A large-scale diabetes screening programme underway in India will overwhelm the health system with false positive results, according to research.
The programme uses simple tests to screen the general population, and those who test positive have to undergo a second test to confirm the diagnosis.
The new study, which used mathematical models to simulate the outcome of screening the whole population, estimates that between 158 million and 306 million people would be referred for confirmatory testing, but only 26-37 million of those would meet the diagnostic criteria for diabetes.
The researchers say the number of tests would be hugely expensive, place a huge burden on the health system, and cause unnecessary worry for patients who don’t require treatment.
Lead author of the study Dr Sanjay Basu, from the Prevention Research Center at Stanford University, said: “The tools we have available are just not good enough to make a programme like this worthwhile. Rather than screening the whole population, it would be more beneficial to rely on symptom-based diagnosis as many other countries do. Health system resources can then be focused on managing those we know have diabetes, whose care at the moment is suboptimal.”
A huge number of people will be told they have a high risk of diabetes and have to undergo a second test.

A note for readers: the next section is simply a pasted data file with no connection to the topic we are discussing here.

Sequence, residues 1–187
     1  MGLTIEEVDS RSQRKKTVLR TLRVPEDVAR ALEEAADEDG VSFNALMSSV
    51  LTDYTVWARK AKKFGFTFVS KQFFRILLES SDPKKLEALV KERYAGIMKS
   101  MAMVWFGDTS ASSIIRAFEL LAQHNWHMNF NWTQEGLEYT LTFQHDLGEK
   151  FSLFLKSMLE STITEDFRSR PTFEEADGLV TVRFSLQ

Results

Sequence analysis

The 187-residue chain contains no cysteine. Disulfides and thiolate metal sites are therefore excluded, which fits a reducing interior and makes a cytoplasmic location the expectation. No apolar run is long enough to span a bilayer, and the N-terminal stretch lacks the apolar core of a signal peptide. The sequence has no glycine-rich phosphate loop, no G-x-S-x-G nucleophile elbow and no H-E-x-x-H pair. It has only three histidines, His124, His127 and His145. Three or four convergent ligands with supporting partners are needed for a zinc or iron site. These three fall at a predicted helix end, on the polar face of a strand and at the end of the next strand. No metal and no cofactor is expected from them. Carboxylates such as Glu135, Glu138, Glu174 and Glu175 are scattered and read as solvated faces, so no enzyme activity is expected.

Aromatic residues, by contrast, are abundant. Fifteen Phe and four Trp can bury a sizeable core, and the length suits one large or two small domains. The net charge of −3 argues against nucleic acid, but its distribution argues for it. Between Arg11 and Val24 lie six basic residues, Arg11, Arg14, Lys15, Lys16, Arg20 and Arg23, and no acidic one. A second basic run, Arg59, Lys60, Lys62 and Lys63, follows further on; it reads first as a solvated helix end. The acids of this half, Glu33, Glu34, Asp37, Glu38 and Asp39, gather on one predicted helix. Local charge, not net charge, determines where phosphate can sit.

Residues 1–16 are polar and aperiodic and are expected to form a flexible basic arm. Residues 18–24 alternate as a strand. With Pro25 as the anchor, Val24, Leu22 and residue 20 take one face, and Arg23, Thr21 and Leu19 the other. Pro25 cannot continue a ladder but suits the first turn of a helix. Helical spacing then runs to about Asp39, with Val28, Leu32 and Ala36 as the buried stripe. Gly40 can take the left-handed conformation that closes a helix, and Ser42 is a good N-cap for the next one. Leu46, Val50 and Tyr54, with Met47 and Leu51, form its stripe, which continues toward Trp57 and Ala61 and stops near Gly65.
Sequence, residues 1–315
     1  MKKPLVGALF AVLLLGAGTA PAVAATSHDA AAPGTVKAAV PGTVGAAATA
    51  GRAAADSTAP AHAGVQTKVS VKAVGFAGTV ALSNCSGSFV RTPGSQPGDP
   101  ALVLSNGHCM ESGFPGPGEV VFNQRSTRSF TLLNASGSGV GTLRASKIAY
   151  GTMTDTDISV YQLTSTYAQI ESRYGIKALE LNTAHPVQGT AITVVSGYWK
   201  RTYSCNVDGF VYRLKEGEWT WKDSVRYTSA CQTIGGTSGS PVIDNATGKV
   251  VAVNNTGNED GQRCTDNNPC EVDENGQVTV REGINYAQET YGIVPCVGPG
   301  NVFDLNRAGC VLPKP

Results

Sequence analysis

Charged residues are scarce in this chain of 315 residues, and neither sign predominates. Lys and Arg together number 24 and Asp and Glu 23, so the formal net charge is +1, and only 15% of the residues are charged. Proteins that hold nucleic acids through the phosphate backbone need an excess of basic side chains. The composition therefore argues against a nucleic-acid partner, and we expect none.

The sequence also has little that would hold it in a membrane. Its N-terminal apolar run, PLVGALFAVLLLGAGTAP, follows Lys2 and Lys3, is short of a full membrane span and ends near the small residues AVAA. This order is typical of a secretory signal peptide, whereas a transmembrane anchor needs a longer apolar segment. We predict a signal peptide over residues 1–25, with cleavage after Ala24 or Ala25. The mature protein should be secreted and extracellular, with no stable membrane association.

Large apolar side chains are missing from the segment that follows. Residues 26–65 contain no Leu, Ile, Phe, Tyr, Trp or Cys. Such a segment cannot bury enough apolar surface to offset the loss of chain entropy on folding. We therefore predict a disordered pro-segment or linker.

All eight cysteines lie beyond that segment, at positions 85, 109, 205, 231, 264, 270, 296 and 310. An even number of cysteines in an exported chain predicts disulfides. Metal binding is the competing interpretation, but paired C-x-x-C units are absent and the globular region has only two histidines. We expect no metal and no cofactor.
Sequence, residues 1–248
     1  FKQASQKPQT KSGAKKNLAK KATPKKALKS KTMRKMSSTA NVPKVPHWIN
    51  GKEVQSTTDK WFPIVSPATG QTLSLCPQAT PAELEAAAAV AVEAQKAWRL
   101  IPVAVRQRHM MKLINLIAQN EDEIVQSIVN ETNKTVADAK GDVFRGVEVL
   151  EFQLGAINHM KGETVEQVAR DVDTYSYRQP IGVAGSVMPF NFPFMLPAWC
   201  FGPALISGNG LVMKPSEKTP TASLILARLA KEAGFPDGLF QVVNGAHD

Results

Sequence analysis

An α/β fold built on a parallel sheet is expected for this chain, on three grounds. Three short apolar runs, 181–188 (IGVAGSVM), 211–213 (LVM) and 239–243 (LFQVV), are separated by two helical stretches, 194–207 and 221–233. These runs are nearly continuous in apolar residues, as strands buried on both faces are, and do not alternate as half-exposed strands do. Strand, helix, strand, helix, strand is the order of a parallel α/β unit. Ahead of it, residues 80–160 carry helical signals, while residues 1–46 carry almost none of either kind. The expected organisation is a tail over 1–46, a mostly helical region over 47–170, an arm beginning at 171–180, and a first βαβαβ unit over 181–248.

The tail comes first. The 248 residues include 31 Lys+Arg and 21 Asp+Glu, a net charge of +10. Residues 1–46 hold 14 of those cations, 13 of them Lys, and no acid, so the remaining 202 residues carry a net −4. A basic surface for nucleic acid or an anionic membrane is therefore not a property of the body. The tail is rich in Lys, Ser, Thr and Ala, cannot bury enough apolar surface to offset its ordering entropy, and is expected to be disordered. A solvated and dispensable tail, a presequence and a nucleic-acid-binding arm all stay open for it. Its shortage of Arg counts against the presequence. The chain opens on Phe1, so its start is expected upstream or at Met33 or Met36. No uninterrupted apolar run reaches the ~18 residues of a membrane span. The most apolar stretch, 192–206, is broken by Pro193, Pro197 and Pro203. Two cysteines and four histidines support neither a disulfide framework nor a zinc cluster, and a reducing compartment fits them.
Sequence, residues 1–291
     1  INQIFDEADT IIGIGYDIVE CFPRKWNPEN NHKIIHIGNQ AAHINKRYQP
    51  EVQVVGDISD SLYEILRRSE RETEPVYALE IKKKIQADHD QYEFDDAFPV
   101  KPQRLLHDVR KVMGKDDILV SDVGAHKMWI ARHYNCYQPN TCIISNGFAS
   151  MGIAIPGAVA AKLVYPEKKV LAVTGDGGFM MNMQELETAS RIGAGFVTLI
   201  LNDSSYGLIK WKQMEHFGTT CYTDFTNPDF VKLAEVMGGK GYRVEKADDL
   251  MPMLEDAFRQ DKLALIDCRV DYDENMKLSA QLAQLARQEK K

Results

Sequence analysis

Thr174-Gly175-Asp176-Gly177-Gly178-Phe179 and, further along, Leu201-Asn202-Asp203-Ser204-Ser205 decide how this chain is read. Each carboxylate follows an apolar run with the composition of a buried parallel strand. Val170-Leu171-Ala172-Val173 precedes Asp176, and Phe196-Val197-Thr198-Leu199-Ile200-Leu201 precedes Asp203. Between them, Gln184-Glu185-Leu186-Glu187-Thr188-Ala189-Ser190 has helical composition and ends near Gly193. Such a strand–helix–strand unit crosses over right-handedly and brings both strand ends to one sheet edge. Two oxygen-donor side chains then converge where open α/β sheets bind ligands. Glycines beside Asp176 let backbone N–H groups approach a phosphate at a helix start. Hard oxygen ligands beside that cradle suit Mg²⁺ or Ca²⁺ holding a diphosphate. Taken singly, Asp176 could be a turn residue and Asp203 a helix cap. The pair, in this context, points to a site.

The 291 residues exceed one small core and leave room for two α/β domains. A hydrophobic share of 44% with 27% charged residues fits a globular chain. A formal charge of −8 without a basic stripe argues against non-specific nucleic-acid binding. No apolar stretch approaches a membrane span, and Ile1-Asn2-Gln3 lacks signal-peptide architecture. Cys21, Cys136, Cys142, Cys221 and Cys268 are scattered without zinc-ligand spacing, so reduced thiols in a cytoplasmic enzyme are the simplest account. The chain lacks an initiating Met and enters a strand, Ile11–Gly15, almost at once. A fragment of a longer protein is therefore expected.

– Dr Christopher Millett
Imperial College London
Around 12 per cent of adults in India are thought to have type 2 diabetes, but most cases are undiagnosed. If not managed properly, it can lead to serious complications such as cardiovascular disease, stroke, blindness, limb amputation or kidney failure.
Around 53 million people have already been screened in India, and the government plans to continue expanding the programme. People with a high risk of diabetes are identified either using questionnaire or a glucometer – a small device that measures the glucose level in a drop of blood. To make a definitive diagnosis, these people have to undergo a further, more expensive diagnostic blood test.
Researchers from the US, UK and India compared three survey-based screening methods and glucometer tests and estimated the health system implications of applying each across the whole country. Their findings are published today in PLOS Medicine.
There are 567 million people aged 25 to 65 in India who would be eligible for screening. Depending on the method used for screening, between 126 million and 273 million people would get false positive results. The total cost would be between 169 million and 567 million US dollars.
Dr Christopher Millett, an author of the study from the Public Health Foundation of India and the School of Public Health at Imperial College London said: “A huge number of people will be told they have a high risk of diabetes and have to undergo a second test. This will cause a lot of worry for these people unnecessarily, and will also place an enormous burden on the health system to carry out all these tests.”
Reference: Basu S et al. (2015) The Health System and Population Health Implications of Large-Scale Diabetes Screening in India: A Microsimulation Model of Alternative Approaches. PLoS Med 12(5): e1001827. doi:10.1371/journal.pmed.1001827
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